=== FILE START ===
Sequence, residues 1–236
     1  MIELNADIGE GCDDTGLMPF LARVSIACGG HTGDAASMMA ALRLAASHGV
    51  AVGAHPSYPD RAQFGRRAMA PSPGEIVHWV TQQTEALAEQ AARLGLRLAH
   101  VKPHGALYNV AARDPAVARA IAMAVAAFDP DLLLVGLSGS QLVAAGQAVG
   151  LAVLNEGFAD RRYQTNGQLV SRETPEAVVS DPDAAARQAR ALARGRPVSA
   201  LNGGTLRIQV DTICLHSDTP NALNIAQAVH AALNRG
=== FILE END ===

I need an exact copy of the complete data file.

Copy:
Sequence, residues 1–236
     1  MIELNADIGE GCDDTGLMPF LARVSIACGG HTGDAASMMA ALRLAASHGV
    51  AVGAHPSYPD RAQFGRRAMA PSPGEIVHWV TQQTEALAEQ AARLGLRLAH
   101  VKPHGALYNV AARDPAVARA IAMAVAAFDP DLLLVGLSGS QLVAAGQAVG
   151  LAVLNEGFAD RRYQTNGQLV SRETPEAVVS DPDAAARQAR ALARGRPVSA
   201  LNGGTLRIQV DTICLHSDTP NALNIAQAVH AALNRG